PERB: Mea Culpa Insufficient to Prevent Unlawful Interference

Jurupa Unified School District (2013) PERB Decision No. 2309-E (Issued on 3/08/13)

This case involved an allegation of retaliation against a teacher for protected activity.  The teacher at issue was placed on a 39-month re-employment list pursuant to Education Code section 44978.1.  She then filed a grievance.  In September 2010, the grievance was denied on the ground that the teacher was no longer an employee.  Nine months later, in July 2011, the district sent the teacher a letter clarifying that she remained on the re-employment list.  According to the decision, the teacher remained an employee while on the re-employment list and therefore the statement in the grievance denial that the she was no longer an employee was in error.

One of the issues before the Board was whether the district’s July 2011 letter constituted a “retraction” that nullified any coercive effect from the September 2010 grievance denial.  In Sacramento City Unified School District (1985) PERB Decision No. 492 (Sacramento) the Board adopted the NLRB doctrine that an honestly given retraction can erase the effects of a prior coercive statement if the retraction was made in a manner that “completely nullified the coercive effects of the earlier statement.”  Here, the Board found that the district’s July 2011 did not meet the standards set forth in Sacramento.  The Board held that the July 2011 letter was both inadequate and untimely.  In terms of adequacy, the Board noted that the July 2011 letter did not address the incorrect statements made in the September 2010 grievance denial.  As for timing, the Board stated that an effective retraction should be made within a few days at most.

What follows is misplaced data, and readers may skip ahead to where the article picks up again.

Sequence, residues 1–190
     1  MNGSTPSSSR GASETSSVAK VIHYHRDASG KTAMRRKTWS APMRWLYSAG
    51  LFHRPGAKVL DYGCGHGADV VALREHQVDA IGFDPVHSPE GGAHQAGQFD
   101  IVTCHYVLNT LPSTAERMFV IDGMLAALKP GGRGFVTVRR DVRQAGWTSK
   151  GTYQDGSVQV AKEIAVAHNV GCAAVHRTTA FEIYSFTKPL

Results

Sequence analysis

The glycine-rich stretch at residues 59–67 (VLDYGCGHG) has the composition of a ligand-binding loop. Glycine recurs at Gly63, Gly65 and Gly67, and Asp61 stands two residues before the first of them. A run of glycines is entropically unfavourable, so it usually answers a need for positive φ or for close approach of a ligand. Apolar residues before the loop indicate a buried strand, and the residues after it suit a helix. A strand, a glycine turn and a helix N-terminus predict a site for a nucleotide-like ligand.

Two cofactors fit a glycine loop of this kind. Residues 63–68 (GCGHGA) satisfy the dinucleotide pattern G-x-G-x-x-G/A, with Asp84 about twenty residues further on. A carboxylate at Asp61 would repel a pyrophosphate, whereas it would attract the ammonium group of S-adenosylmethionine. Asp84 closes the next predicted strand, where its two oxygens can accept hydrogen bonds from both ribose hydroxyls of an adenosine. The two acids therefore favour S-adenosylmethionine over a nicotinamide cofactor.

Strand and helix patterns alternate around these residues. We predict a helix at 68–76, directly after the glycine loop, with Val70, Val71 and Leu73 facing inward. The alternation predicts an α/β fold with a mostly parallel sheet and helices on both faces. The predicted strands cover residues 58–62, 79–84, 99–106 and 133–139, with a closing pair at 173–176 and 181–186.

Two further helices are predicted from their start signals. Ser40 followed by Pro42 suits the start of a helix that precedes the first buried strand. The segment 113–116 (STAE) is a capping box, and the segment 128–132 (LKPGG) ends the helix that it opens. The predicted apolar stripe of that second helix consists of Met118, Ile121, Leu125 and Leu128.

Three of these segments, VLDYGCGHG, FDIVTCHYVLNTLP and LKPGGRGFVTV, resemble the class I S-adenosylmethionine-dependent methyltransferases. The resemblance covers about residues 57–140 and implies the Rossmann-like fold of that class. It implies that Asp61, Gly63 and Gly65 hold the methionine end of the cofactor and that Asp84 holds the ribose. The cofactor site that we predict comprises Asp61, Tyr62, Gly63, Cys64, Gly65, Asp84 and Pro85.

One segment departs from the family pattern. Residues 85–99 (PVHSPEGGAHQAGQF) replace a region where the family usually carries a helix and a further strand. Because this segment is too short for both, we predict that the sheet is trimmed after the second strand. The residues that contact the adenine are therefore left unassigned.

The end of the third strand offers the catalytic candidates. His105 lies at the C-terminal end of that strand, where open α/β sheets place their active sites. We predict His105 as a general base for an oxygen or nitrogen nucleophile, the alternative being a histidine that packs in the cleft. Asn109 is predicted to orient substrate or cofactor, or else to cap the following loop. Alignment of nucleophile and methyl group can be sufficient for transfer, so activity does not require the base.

Comments:

  1. This case highlights the availability of the “retraction” doctrine.  You don’t see it that often but practitioners should be aware of its existence.  It really just applies to interference cases where an act of the employer is alleged to interfere with, restrain, or coerce employees because of their exercise of protected rights.  To my knowledge it has never been applied in the unilateral change or discrimination context.
  2. I’ve argued in the past that there should be some type of safe harbor in the unilateral change context that allows an employer to withdraw a planned change before it occurs and avoid an unfair practice.  (See my post here.)  Maybe some day PERB will adopt such a holding.  But until then, there is still the retraction doctrine in interference cases.
  3. As for the retraction doctrine, this case makes it clear that any retraction must be adequate and timely.  An adequate retraction appears to require an acknowledgement of the error or wrongdoing.  As for timing, this decision states that any retraction should occur with “days.”  These two strict requirements will make retraction difficult for many employers to utilize.  However, it’s a doctrine that exists and can be helpful in some cases.
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